JANUARY 11, 1944
NEW YORK, Monday —On Saturday I spoke at a luncheon of the Wellesley Club and found myself sitting beside Captain Mildred McAfee, which is always a joy. In the afternoon I received the new ambassador of the Dominican Republic and his wife and daughter, and the new minister of Ethiopia. Later there were a number of guests at tea.
Just the people in the house made it quite a gay party of young people, so we had only one or two boys in the service who happened to be in Washington as our guests from outside.
Sunday was a rather quiet day. There were only one or two people at lunch. I took the midnight train to New York City.
Today I am attending the birthday lunch for Mrs. Carrie Chapman Catt. I have often wanted to go before, but this is the first time in some years that I will succeed in being present. Mrs. Catt has always been one of the people whom I have greatly admired. I feel great pride in her many achievements. She still keeps her interest in what goes on in the world and her power to be of value to young people. As I grow older I realize how remarkable it is to remain flexible and to be able to make a contribution in the discussion of new problems.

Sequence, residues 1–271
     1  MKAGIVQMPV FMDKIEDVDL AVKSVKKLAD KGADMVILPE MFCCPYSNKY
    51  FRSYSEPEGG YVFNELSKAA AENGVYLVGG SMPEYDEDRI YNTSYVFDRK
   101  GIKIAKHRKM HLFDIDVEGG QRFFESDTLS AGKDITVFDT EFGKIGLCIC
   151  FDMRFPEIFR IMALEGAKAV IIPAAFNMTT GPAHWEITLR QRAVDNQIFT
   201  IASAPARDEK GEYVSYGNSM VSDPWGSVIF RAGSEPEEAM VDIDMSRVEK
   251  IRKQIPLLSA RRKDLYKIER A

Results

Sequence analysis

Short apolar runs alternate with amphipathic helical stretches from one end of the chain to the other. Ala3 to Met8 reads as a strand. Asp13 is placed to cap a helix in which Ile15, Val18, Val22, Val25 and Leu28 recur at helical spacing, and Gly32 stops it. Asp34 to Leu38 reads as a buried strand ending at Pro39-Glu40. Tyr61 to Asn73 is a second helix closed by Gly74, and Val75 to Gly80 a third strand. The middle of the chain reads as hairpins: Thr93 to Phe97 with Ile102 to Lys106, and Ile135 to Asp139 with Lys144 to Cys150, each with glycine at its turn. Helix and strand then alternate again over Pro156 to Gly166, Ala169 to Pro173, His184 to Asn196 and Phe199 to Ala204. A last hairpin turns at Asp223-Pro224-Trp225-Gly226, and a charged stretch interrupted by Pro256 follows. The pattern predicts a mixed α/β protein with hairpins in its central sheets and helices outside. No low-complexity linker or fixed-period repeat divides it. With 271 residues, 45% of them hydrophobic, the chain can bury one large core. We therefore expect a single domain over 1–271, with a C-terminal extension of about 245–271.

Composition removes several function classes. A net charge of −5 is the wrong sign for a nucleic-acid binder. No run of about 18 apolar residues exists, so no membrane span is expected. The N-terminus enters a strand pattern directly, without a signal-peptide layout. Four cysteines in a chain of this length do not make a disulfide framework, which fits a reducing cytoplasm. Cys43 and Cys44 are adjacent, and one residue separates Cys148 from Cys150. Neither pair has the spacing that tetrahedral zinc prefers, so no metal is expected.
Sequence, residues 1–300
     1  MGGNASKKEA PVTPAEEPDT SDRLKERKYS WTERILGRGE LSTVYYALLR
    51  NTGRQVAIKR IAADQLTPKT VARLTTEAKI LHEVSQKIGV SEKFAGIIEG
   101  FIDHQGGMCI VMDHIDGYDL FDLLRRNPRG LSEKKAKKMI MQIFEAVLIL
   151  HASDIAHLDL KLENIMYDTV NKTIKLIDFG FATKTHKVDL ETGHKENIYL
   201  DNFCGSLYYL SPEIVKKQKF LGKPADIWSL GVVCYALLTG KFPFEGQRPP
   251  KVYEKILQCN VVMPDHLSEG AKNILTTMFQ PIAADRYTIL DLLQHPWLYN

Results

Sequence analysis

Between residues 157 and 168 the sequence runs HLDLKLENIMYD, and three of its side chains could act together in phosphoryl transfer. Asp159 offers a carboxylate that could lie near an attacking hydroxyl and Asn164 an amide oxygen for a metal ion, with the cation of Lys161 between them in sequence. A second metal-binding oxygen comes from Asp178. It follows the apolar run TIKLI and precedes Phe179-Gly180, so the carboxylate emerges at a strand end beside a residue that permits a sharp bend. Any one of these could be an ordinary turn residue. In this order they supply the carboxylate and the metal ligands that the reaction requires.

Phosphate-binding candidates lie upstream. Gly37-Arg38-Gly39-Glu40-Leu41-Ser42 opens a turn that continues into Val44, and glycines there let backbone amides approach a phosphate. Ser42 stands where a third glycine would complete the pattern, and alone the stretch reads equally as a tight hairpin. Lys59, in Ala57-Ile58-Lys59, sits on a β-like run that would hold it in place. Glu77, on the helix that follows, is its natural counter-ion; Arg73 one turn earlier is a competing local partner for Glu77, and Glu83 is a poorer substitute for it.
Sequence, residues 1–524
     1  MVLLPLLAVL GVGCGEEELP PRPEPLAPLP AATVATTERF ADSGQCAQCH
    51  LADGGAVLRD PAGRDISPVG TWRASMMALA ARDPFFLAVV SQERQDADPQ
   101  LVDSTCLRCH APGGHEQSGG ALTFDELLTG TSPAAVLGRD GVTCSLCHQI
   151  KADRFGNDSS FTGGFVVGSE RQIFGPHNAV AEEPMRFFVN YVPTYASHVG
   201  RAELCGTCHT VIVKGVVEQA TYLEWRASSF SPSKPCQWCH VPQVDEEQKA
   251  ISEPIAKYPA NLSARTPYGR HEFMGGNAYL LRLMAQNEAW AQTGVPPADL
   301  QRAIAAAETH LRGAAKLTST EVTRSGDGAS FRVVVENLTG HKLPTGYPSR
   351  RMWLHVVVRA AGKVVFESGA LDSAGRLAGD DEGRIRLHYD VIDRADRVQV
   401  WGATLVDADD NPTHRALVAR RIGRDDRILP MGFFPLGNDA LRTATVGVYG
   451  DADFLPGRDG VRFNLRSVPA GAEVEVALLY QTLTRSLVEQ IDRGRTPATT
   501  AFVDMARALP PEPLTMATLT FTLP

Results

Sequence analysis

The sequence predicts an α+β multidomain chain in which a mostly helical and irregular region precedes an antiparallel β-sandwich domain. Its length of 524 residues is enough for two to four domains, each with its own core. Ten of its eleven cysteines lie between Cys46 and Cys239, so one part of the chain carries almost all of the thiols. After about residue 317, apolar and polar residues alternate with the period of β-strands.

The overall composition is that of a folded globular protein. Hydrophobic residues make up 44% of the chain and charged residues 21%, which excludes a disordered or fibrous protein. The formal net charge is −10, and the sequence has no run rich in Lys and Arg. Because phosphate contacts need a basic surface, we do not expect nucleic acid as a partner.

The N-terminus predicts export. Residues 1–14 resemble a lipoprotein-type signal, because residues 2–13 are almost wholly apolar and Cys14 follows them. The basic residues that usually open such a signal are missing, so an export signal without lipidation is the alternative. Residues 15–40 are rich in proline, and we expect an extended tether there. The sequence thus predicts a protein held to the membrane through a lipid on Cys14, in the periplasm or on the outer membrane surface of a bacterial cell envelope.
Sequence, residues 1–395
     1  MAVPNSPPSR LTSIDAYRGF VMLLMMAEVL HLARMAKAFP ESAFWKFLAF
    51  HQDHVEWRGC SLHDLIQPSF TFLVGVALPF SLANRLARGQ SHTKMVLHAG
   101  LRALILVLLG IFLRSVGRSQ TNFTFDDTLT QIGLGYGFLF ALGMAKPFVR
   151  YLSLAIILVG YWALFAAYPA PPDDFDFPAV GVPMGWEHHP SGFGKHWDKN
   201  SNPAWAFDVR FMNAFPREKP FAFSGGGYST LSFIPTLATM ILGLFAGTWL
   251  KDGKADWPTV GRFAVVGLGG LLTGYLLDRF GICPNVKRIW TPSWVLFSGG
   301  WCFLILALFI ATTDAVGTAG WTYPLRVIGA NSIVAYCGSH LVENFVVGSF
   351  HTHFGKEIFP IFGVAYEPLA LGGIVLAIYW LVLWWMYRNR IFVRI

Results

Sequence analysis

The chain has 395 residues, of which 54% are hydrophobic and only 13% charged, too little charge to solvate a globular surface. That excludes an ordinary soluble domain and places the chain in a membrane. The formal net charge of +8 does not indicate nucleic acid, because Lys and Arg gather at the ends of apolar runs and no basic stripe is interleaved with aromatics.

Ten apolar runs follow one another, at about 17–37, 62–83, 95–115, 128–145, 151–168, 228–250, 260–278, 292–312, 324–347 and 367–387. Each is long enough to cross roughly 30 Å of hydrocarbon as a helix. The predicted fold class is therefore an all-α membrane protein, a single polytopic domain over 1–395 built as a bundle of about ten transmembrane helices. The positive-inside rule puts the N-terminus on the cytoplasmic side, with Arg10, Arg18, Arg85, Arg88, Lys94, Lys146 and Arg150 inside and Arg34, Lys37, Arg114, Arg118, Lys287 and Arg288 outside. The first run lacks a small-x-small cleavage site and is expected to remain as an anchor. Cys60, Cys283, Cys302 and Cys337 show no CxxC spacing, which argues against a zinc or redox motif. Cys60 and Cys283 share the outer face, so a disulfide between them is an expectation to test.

I am very happy to find that the Women's City Club in New York City, which now has its headquarters in the New Weston Hotel, is making the club facilities available to the wives of servicemen who are temporarily in New York. The club is keeping someone on hand to receive these young women. They come from all over the country to say goodbye to their husbands, or to await the arrival of their husbands from overseas, or to visit them in nearby hospitals. Sometimes they are without friends and so they enjoy finding someone at the club who will give them the information they need and tell them what services are available in New York City. Then too, they can rest and have tea in surroundings which are so much pleasanter than those in an overcrowded hotel.
I am happy to think that in this crisis, the Women's City Club is doing this. I have always felt that the civic work of the club was very important, both because of its educational value for the members of the club, who do the work, and because of the influence the members can bring to bear on the city government. For that reason I have kept my membership during all these years that I have been away. I hope that if I am ever able to spend some of my time regularly in New York City, I may again join in some of their activities.